John MacDonald: Exercising from home isn’t as hard as you think


As a result of Ohio’s stay-at-home order, many Ohioans are working from home or staying indoors longer than usual. And with the order extended through at least May 1, it might become more difficult to find appropriate space to exercise and maintain good physical health.

John MacDonald, director of Student Recreation and Wellness Services at UA, answered some questions and provided tips about how you can stay active while safely practicing social distancing.

Why is it important for people to remember to keep moving while they’re working from home or staying home and not often leaving their residences?

“Movement should be a regular part of our lives. If we think about it, as humans for hundreds of years, our environment demanded constant physical activity. Now, so many are spending the majority of their days seated. We can combat this by incorporating intentional movement in our lives. Adding daily physical activity keeps our bodies active and muscles engaged. It’s also beneficial for our mental wellbeing to experience different environments as part of this.”

John MacDonald-paddle-boarding

John MacDonald demonstrates stand up paddleboarding.

What negative side effects to physical health can be a result of social distancing and Ohio’s stay-at-home order?

“I have started to hear social distancing being referred to as physical distancing. It’s important to have social engagements in our lives but maintain physical distancing to slow the spread of the virus. It’s great that we now have technology that allows us to maintain social engagements while keeping our physical distance. Video conferencing platforms can be beneficial to engage in social physical challenges with friends and family. Encourage each other to get out there and meet/exceed a challenge that you share and to pass it onto others.

“One challenge of being home is how that can affect your routine. This is a great opportunity to establish new routines! Avoid some common pitfalls:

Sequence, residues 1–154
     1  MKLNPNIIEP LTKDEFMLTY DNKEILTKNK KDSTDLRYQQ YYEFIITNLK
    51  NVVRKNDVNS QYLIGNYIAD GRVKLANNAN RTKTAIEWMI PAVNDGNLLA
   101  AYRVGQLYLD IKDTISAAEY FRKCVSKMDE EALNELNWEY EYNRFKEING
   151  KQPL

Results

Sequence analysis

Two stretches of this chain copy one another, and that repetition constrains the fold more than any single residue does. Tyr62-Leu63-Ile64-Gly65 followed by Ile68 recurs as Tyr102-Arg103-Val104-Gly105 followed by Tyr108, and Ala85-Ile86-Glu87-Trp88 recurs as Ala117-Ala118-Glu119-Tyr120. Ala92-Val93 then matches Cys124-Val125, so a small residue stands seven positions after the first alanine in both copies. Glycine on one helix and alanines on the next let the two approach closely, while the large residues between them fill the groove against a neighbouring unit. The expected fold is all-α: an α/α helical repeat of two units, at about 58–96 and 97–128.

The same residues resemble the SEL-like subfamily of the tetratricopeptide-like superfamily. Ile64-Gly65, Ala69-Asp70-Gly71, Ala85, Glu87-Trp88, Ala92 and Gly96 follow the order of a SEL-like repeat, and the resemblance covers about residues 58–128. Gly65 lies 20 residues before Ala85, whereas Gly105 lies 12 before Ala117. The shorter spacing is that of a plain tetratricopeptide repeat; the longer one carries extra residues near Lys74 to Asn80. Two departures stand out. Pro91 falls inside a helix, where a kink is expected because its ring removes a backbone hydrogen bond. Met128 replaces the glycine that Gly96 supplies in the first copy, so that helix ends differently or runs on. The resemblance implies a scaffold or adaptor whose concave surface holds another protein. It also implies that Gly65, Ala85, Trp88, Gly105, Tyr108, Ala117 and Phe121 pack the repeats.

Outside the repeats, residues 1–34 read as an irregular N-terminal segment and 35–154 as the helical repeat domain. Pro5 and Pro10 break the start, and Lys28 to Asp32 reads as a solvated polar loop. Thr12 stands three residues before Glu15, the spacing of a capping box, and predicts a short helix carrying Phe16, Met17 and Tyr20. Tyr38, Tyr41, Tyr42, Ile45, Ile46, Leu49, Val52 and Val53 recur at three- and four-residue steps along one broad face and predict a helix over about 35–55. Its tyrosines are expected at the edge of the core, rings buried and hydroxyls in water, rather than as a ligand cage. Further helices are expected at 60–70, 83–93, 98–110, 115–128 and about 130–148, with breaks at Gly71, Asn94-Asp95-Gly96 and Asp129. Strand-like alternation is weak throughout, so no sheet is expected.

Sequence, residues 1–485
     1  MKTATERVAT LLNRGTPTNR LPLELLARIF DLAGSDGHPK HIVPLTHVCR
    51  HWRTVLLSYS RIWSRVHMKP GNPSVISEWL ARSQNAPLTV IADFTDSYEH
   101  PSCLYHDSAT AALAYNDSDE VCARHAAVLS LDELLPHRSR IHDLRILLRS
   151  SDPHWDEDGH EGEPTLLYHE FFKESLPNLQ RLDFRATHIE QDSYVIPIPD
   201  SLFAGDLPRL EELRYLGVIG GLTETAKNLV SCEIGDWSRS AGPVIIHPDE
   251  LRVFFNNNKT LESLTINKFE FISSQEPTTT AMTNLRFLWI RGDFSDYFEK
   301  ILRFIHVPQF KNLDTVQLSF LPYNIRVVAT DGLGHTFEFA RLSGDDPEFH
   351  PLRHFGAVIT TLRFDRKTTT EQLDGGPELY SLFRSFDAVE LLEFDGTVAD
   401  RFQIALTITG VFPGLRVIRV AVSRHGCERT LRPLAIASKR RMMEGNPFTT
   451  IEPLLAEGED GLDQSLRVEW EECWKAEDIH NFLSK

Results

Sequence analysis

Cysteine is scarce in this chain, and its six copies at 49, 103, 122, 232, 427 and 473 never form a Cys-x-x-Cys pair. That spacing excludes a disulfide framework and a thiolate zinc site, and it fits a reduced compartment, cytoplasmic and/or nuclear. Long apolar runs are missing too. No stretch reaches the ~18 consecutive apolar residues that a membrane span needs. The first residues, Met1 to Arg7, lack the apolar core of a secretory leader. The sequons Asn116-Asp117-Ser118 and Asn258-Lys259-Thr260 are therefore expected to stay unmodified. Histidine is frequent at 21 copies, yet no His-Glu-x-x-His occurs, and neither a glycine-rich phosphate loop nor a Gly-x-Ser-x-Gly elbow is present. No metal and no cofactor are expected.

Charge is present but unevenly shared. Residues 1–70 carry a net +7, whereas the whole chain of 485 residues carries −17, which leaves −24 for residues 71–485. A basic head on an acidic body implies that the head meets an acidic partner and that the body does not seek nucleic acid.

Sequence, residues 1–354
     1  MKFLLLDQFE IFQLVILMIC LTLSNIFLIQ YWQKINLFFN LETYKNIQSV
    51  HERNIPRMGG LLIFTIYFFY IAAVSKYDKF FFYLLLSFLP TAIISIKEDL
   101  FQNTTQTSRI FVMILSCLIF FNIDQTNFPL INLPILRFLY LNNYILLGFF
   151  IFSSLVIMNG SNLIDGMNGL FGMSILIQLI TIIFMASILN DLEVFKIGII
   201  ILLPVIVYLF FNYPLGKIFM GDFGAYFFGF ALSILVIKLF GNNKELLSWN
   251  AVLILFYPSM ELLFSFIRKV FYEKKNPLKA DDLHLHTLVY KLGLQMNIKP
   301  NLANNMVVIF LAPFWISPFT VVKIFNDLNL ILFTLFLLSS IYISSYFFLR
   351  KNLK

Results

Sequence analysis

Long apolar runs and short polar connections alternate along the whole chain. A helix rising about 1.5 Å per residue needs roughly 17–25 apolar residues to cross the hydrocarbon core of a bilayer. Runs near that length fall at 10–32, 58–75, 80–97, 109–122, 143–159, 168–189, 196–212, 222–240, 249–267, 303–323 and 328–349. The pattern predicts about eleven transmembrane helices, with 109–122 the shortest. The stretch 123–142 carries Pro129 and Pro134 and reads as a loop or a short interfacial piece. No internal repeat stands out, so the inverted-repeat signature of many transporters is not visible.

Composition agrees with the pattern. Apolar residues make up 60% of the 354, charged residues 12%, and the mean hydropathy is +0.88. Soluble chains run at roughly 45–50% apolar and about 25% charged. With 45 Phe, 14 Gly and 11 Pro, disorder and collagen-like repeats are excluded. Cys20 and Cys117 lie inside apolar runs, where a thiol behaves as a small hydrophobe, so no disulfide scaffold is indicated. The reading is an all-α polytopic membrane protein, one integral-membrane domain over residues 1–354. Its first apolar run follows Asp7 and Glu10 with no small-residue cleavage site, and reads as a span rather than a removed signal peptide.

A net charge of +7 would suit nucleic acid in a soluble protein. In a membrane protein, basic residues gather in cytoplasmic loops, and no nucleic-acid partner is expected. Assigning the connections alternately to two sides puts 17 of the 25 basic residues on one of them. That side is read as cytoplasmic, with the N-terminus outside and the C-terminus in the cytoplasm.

• Set work hours — and stick to them.
  • Stay focused in your work and set boundaries (as best as possible) with your new office mates (kids, partners, pets).
  • Keep to regular meals and snacks. This is a hard one. With more food around, it’s easier to give into snacking. Don’t do it unless it’s part of your routine.
  • Plan to do what moves you. Work in some physical activity during your day. In my neighborhood at 5 p.m. the streets come alive with people walking, running, biking and playing in their yards (with good social distancing).”

What sort of exercises can be done in a living space? Is there anything in a typical home that can be used to help people exercise?

“Absolutely, we are posting these on the Zips Rec Instagram page (uakronrec) weekly as well as on our COVID-19 Fitness Tips webpage. And, some helpful home exercises can be viewed on our YouTube page (@TheUARec).”

“Some items that can be used are:

  • Milk crates for push-ups or step-ups;
  • Stairs for walking and running;
  • A wall or table for push/pull body weight exercises;
  • A bike innertube for resistance work; and
  • Books in a backpack for weightlifting.

“Note: all items should be tested for structural integrity to hold weight and position. These are just a few ideas. Finding fitness in your home, and around it, is a great way to get creative as well! If anyone wants to swing an axe, I have plenty of firewood that needs split and it provides great social distancing for all sorts of safety reasons!”

What should people do to ease into a routine, so they don’t get sore as a result of exercising too much at one time, especially if working out isn’t a habit for them?

“Start out slow. One of the biggest mistakes is doing too much to start and then not wanting to continue because you’re sore, or worse, injured.

“’Too much’ can be too many repetitions, too much weight/resistance, or too long of exercise duration. That being said, doing too little does not help either.  Being a little sore, is not a bad thing.”

Though gyms and rec centers are closed, many parks and trails remain open. For those who are able to venture outside, what are some outdoor activities people can do to remain physically healthy, but at a safe distance from others and groups?

“Getting outside is one of my favorite activities! Many parks are open and a great way to get into an environment outside your home.

“Some things to keep in mind:

  • If the park parking lot is busy, go someplace else – please! If we pack the parks, they will get closed. Many of the parks are being overrun and if we are not all careful these areas could be closed for our safety and that of the staff. There are plenty of places with less people and times to visit that will avoid the crowds. 
  • Many of the park bathrooms are closed. Plan your visit appropriately.
  • Visit the parks’ websites and social media profiles before planning your trip so you can get updated information. Some great park activities include walking, running, cycling, photography, and kayaking when the water levels and temperatures are safe to do so.”

Media contact: Alex Knisely, 330-972-6477 or